Arizona is showing the rest of the country how to set the terms for a transition to clean energy that is substantial and nonpartisan.
Considering that the state is controlled by Republicans and was known until recently for the way its largest utility, Arizona Public Service, was willing to go to great lengths to oppose progress, that fact in itself is incredible.
With a 4 to 1 vote last week, the Arizona Corporation Commission approved a plan requiring regulated utilities in the state to move to 100 percent carbon-free electricity by 2050. The plan includes interim targets of 50 percent carbon-free energy by 2032, and 75 percent by 2040.
The vote was a capstone of sorts for Bob Burns, a Republican, the commission chairman, who, because of term limits, will leave office at the end of this year.
“I’m about done. I’m a short-timer. I’m a lame duck,” Burns told me.
In many if not most states, a utility commission could not make a big change without direction from the legislature or the governor. Arizona is different in that this elected commission has broad powers over utility rates, acting as its own branch of government.
The plan is not a done deal, but it’s pretty close. It now will go through a public comment period in January, followed by a final vote sometime next year by the newly elected commission.
Commissioners made a last-minute change to the plan to virtually guarantee that it will have enough votes to pass next year. They got rid of a provision that said Arizona needed to get 50 percent of its electricity from renewable sources by 2035, while retaining steps toward getting to 100 percent carbon-free electricity by 2050. Carbon-free electricity can include nuclear and other technologies that have no emissions but are not renewable.
By making this change, the plan won the support of Commissioner Lea Márquez Peterson, a Republican, who supported the 2050 target but was against the 2035 renewable energy requirement, because she wanted to give utilities more leeway to decide the best mix of technologies.
I wrote two weeks ago that the results of the Arizona Corporation Commission election might have turned the tide against the clean energy plan. Two of the three seats were won by people who opposed the plan’s previous version. (As a result of the election, the partisan split on the commission is going from a 4-1 Republican edge to a 3-2 Republican edge.)
But now that equation has changed, with Márquez Peterson part of the 4-1 majority in favor of the plan, and also part of the expected 3-2 majority for the final vote next year.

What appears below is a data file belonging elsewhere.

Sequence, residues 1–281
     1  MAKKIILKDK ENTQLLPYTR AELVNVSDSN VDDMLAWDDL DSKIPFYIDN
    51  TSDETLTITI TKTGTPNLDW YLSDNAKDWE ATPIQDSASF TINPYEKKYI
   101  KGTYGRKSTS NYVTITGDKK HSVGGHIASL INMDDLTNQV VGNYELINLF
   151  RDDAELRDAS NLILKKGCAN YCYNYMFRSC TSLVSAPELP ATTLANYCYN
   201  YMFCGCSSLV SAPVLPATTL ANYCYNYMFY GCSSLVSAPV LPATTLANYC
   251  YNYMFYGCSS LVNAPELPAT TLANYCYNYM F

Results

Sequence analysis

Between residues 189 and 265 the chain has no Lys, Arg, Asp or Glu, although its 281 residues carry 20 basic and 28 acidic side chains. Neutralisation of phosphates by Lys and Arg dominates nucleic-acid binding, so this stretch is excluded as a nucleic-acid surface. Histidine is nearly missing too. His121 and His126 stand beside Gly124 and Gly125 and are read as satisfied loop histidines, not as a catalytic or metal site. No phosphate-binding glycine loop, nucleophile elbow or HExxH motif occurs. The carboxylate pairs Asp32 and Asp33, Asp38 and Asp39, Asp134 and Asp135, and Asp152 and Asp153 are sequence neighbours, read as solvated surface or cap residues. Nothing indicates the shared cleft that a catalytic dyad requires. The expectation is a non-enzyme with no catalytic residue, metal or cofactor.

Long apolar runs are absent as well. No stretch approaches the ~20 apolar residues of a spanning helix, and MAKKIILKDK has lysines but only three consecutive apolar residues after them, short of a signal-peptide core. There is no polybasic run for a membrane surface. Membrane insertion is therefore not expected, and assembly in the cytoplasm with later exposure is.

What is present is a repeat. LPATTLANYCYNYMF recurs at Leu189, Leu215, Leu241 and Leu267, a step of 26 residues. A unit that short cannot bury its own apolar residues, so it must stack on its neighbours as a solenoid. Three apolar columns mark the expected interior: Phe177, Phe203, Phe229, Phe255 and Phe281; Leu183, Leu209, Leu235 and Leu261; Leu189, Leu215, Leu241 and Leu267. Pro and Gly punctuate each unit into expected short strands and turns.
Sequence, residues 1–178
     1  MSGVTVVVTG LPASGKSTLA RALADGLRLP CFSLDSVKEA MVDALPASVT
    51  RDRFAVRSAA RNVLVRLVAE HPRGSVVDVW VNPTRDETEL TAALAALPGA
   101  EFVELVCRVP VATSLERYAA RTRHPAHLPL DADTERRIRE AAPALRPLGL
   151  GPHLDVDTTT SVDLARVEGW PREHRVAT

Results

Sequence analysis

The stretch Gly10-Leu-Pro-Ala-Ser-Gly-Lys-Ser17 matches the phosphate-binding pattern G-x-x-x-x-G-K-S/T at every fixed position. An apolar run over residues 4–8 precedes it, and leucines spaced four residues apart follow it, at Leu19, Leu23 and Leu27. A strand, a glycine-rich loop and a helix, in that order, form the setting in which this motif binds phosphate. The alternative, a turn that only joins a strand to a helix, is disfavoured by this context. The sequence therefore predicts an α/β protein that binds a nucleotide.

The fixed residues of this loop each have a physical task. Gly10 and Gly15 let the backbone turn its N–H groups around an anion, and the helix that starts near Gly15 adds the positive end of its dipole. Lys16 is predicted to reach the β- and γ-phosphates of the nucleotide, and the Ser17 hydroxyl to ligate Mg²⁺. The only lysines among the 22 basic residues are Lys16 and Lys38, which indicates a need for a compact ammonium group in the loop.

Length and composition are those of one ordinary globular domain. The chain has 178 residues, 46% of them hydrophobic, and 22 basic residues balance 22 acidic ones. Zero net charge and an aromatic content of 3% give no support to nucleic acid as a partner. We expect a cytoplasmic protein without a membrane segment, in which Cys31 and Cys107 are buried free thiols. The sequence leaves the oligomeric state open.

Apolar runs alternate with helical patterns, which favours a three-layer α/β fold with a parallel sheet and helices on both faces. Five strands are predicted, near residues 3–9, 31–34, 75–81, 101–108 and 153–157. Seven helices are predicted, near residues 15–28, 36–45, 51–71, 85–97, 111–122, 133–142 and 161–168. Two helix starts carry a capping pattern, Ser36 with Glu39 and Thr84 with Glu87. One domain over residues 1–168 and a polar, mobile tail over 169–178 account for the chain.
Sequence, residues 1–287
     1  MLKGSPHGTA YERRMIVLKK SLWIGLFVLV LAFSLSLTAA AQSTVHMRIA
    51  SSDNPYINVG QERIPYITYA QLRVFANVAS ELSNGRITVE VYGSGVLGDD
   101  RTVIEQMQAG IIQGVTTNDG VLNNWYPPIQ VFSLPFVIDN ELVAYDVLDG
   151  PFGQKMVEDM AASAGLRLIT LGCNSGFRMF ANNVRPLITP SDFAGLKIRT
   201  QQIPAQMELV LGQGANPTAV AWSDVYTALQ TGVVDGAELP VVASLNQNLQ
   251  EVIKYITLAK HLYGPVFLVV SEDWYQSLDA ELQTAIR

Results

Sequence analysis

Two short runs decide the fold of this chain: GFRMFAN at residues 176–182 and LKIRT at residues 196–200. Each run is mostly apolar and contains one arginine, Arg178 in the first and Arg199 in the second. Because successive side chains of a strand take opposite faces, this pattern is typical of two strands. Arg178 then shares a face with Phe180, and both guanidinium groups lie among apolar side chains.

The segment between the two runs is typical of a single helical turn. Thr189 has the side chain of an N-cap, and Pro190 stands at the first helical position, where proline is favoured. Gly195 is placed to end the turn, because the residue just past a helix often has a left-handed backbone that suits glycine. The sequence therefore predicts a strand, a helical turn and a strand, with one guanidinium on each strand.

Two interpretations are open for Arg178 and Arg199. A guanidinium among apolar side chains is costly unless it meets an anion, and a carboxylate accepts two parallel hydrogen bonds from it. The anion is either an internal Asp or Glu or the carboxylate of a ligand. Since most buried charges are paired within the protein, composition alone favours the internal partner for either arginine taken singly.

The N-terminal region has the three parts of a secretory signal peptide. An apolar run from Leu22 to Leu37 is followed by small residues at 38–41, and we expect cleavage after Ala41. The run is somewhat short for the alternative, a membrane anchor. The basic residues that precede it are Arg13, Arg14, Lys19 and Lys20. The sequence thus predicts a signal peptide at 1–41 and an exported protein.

It was a feat of compromise that was one of Burns’ final acts as a commissioner. He has been on the panel since 2013 and, before that, spent 20 years as a member of the Arizona State Legislature.
The plan is much more than the 2050 target. Among the other provisions, it includes a change in policy for energy storage that opens the door to groups of customers with energy storage to band together and sell electricity to the grid. It also increases the state’s requirements for energy efficiency, which means utilities need to expand programs that help customers reduce their electricity use.
Finally, the plan changes the process that utilities must use to develop new power plants, requiring utilities to solicit proposals that can include any technology. When used in other states, this approach has usually led to utilities realizing that renewable sources are the least expensive options, which is what Burns expects to happen in Arizona.
As evidence of how far Arizona has come, Burns has spent nearly all of his time on the commission fighting with Arizona Public Service over a series of legal and regulatory issues.
In 2016, he issued a subpoena asking the utility to disclose any secret campaign donations it used to help elect friendlier commissioners. Arizona Public Service responded by suing him to stop the disclosure, a case that remains active and is likely to outlast his tenure on the commission.
“APS went out and turned it into a street fight,” Burns said.
The legal wrangling was in addition to the utility’s long-term push to preserve its fossil fuel power plants and hinder the development of solar. A low point came in 2018, when the company spent heavily to help persuade voters to defeat a ballot measure that would have required the state to get 50 percent of its electricity from renewable sources.
But the company’s position has changed in a big way. In January, Arizona Public Service said it was committing to getting all its electricity from carbon-free sources by 2050, and the company has softened its stance on issues that have made it difficult to develop solar. There are many reasons for the changes, including the continuing decrease in the costs of developing solar and energy storage projects.